Ana’s post about McCain’s conundrum raises another issue: The current public financing system for presidential campaigns has become a joke. Wisconsin Senator Russ Feingold has a plan he says will help fix it. (The companion measure in the House is sponsored by Martin Meehan, Christopher Shays and David Price.) However, anything that can be demagogued as “welfare for politicians” will have an uphill fight politically.
Feingold puts his finger on why the system is important, and why it no longer works:
From 1976 to 2004, the presidential public funding system produced competitive elections in which Republicans were elected five times and Democrats three times, while challengers managed to be victorious in three of the six elections in which the incumbent was a candidate. But the front-loading of decisive primaries, and the emergence of candidates able to raise money far in excess of the primary election spending limits, have exposed the weaknesses of the current system. The legislation improves the system by increasing matching funds, increasing spending limits for candidates who participate in the system, raising the amount individuals can contribute via the tax form check-off, among other provisions.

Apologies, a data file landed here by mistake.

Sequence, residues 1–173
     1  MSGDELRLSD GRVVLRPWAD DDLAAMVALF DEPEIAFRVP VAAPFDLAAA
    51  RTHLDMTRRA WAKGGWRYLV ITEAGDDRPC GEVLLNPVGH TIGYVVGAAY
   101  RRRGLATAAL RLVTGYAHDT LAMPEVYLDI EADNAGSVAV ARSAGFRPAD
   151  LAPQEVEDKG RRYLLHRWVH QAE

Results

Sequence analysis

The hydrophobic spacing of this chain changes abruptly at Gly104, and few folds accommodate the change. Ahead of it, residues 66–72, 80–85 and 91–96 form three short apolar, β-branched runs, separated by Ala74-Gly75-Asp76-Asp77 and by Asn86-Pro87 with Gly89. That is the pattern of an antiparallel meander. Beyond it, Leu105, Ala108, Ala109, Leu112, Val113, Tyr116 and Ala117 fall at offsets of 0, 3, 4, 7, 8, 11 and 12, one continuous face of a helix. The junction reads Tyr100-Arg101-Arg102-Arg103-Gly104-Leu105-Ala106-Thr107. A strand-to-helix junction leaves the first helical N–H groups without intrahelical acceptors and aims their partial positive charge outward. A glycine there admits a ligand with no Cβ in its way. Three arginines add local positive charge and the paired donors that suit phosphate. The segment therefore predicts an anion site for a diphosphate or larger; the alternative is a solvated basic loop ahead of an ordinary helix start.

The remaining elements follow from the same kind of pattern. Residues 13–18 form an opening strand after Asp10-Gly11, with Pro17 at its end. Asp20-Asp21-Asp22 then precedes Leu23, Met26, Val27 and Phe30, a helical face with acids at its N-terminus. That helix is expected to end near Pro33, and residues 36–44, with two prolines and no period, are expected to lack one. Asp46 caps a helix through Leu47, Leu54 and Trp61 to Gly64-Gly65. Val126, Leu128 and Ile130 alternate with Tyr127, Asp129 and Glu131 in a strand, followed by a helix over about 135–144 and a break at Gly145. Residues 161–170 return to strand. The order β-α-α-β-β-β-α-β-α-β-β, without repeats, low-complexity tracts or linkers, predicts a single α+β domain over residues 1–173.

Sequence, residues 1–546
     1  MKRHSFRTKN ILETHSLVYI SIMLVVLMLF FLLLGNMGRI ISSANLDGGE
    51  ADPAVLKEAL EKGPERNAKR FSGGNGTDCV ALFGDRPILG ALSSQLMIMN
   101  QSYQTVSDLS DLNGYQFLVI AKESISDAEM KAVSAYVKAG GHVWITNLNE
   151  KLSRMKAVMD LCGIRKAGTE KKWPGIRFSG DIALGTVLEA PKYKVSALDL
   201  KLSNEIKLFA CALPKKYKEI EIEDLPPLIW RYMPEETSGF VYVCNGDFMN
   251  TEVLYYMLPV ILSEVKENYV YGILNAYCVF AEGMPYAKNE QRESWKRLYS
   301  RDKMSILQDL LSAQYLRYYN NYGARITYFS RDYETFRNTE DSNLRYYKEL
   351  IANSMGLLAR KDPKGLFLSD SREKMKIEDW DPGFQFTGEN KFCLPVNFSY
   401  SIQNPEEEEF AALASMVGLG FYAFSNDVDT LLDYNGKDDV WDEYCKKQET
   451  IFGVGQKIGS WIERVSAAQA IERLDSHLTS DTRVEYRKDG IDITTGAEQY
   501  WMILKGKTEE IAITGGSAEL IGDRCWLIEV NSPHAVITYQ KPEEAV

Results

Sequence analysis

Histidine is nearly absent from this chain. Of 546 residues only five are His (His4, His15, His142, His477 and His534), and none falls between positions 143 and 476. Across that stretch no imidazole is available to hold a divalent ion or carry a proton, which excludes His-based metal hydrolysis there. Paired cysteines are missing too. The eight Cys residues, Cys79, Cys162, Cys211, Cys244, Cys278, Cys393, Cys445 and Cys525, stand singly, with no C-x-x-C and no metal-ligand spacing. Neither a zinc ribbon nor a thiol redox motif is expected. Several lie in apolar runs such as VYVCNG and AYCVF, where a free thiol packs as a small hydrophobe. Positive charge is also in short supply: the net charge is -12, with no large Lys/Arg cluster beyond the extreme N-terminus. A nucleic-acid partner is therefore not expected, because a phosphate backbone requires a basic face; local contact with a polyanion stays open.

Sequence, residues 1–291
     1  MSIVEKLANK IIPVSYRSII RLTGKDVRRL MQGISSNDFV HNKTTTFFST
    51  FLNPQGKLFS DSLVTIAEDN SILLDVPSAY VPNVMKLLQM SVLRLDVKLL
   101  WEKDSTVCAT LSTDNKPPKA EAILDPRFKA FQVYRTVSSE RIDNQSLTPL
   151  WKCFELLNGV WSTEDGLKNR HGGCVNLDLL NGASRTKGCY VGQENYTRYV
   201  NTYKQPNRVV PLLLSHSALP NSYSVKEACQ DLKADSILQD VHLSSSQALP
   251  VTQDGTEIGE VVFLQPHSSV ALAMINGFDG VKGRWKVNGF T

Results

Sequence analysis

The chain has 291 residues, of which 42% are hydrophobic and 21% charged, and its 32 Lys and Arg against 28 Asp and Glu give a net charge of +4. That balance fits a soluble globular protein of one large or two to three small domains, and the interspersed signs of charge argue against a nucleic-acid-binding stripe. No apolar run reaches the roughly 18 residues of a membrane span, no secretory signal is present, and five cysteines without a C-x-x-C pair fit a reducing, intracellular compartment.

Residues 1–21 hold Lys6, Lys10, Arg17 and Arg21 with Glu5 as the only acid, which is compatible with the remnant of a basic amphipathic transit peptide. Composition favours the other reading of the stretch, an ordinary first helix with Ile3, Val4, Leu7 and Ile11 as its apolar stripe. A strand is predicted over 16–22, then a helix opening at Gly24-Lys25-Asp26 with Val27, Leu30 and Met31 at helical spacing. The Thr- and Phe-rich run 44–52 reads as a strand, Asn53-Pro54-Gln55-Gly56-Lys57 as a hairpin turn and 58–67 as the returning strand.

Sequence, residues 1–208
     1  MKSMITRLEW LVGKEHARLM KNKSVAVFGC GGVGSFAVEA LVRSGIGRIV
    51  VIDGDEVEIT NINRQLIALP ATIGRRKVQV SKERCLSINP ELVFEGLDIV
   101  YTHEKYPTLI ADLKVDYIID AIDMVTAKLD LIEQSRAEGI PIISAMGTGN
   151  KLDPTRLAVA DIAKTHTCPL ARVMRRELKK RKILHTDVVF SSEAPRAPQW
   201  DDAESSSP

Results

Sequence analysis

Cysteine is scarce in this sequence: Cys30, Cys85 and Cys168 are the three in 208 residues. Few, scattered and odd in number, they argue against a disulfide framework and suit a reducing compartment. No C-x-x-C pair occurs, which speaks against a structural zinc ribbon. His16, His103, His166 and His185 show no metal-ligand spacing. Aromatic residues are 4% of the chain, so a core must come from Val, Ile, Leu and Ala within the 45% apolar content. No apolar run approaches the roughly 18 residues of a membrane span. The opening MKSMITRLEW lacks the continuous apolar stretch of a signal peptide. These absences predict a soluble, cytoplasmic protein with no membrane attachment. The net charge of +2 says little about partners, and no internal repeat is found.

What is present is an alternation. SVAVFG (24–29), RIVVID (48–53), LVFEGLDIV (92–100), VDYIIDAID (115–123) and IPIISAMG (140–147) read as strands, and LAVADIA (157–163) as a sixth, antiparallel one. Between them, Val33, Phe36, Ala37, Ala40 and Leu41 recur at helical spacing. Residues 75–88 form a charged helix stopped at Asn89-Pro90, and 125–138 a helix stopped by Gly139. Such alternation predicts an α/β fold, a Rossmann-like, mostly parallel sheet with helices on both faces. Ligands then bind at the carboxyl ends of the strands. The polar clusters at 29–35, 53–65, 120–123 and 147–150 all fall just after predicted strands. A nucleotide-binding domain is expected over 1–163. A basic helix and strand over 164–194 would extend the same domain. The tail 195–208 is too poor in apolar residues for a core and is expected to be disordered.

In this week’s magazine, by the way, I write about developments in fundraising that are increasing the importance and influence of small donors–and how they are one reason Barack Obama is leading the field in raising money:
No campaign has been more aggressive in tapping into social networks and leveraging the financial power of hundreds of thousands of small donors. Nor has any other campaign found such innovative ways to extend its reach by using the Internet–more than $10 million of Obama’s second-quarter contributions were made online, and 90% of them were in increments of $100 or less.